In improving employee training programs, a variety of approaches must be considered. For new hire craft, in addition to classroom sessions, we use a “hands-on” approach in a learning lab to establish and reinforce our expectations of the technical aspects of safety such as working on or around ladders or working at heights.

For all other types of training, having live, face-to-face instruction is the best. We make the most of our classroom sessions by using a “facilitated” approach in which the instructor leads the participants through the training, provides materials for the students and teaches the subject matter. However, classrooms are not always available because of timing and travel, so the use of online courses to supplement other training methods is helpful. Our employees who work internationally can access the online courses and then supplement this with instructors who visit them on variable schedules.

Why do you think so many companies continue to cut back on ES&H during difficult financial times?

Some companies mistakenly cut back on ES&H during difficult financial times because they believe that they will achieve some short-term economic benefits. It takes many human and capital resources to staff and administer an effective ES&H program. The benefits a company receives from an effective program are manifest by a more productive workforce, which is often many times more profitable than the cost of safety management programs and the direct losses from poor safety performance. That is part of the reason why we teach the “Economics of Safety” to all of our supervisors and as part of our mentoring program for contractors.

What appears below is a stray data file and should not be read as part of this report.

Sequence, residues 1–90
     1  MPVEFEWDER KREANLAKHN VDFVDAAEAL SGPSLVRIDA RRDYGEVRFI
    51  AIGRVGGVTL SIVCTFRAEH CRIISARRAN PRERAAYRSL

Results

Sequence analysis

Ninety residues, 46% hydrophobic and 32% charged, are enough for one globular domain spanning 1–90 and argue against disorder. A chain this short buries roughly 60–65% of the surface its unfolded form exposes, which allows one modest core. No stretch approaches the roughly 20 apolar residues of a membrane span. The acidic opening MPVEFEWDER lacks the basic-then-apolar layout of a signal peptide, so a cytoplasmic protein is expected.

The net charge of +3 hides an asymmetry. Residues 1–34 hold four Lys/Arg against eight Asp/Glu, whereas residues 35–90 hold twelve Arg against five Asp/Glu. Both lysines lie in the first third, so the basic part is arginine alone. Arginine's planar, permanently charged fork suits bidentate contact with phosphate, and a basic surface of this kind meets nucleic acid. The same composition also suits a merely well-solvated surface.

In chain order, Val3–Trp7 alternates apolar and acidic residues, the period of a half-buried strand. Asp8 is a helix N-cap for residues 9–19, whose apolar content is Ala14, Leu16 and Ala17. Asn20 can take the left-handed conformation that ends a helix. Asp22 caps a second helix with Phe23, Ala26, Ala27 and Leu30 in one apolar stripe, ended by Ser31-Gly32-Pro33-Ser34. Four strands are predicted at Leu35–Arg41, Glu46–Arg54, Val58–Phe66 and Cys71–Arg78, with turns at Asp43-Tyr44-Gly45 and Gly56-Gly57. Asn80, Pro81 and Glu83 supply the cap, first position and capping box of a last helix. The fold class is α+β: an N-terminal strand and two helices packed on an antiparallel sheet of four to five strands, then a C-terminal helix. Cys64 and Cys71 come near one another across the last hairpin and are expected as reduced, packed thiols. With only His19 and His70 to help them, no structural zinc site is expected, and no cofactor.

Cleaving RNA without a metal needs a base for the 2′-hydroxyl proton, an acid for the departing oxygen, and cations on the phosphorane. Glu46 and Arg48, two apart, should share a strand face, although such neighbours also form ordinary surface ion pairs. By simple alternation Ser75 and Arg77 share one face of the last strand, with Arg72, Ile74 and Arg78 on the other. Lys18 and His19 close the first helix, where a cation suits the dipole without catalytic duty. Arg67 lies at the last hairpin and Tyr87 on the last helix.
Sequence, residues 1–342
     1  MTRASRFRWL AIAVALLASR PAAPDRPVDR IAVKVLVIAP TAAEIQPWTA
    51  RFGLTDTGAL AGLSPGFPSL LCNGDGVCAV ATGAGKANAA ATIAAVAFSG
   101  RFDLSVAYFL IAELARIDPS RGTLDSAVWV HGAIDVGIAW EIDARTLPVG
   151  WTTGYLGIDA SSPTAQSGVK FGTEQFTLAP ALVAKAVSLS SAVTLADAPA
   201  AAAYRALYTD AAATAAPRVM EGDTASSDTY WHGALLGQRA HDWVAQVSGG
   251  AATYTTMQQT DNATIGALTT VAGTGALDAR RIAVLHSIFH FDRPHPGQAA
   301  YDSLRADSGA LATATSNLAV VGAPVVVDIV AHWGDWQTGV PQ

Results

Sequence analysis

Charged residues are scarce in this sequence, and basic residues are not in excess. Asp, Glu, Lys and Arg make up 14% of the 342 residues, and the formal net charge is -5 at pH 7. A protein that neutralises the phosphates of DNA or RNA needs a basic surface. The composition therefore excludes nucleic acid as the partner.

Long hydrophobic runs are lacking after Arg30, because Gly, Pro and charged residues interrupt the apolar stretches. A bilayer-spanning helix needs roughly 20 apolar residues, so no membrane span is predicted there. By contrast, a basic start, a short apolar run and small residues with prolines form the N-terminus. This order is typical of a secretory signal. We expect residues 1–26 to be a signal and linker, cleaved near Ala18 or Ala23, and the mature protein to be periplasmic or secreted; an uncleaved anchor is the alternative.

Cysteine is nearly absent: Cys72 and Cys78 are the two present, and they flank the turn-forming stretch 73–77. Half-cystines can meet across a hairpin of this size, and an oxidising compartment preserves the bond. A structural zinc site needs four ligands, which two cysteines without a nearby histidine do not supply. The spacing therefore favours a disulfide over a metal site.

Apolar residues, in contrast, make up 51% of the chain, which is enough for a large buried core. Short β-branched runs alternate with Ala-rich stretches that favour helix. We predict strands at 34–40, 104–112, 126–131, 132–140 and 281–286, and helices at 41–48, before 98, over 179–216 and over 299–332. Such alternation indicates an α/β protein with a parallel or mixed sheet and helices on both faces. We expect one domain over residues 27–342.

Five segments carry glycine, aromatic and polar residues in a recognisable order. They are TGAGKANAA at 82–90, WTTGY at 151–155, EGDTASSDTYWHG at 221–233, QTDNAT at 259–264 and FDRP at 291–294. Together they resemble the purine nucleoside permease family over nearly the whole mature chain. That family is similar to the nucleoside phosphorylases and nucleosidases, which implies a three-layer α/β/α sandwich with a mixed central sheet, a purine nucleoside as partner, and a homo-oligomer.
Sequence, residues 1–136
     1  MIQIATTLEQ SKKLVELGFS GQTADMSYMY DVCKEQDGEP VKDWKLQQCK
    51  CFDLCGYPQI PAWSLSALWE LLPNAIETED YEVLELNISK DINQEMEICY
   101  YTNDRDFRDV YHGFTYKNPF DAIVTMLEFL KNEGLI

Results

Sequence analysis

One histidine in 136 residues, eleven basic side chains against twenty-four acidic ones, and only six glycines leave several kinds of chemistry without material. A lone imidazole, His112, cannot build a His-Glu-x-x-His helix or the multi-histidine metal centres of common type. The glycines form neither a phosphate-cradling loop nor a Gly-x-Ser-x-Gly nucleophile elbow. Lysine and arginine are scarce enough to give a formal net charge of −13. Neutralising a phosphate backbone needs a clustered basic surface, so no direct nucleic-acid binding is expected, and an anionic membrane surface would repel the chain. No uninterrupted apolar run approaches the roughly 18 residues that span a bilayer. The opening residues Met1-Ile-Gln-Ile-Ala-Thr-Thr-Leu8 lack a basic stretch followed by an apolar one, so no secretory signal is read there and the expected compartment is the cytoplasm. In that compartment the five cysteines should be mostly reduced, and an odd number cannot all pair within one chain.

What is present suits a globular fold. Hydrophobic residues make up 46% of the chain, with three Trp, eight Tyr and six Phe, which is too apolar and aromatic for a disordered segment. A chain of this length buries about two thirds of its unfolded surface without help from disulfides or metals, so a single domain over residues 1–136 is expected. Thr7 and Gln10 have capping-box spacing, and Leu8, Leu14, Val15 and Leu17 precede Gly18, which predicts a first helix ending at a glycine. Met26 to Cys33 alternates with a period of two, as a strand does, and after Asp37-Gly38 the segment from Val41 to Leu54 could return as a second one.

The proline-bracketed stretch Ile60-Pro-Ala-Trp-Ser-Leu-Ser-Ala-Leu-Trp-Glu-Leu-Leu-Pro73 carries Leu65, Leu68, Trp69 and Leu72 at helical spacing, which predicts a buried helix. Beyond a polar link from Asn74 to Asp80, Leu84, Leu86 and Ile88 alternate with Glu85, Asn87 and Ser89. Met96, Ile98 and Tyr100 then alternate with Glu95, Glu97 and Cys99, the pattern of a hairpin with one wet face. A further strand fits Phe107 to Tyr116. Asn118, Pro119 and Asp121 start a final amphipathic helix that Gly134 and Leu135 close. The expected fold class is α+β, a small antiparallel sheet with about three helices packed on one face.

What motivates ES&H within Washington Group International?

ES&H excellence is motivated within Washington Group for several reasons. First, we have a moral obligation to protect our employees, the public and the environment to the best of our ability. Secondly, it is just good business. We are more profitable and able to get more work. The construction and mining business are quite closely knit, and we have all worked with a small group of people who have some previous relationship. Being the safest helps us attract the best talent.

How can safety professionals more effectively interact with senior management at large organizations?

Safety professionals can more effectively interact with senior management by demonstrating their value and observations. Companies are not looking for someone to be a “safety cop” who just tries to enforce laws and regulations. What we are all looking for is someone who has a “can do” attitude. When the safety person finds an unacceptable condition or activity, they should be able to provide one or two appropriate suggestions on how the condition or activity can be performed safely. It does not matter how smart you are or if you have the safety regulations memorized. If you cannot communicate with craft and supervision, you will not be valued.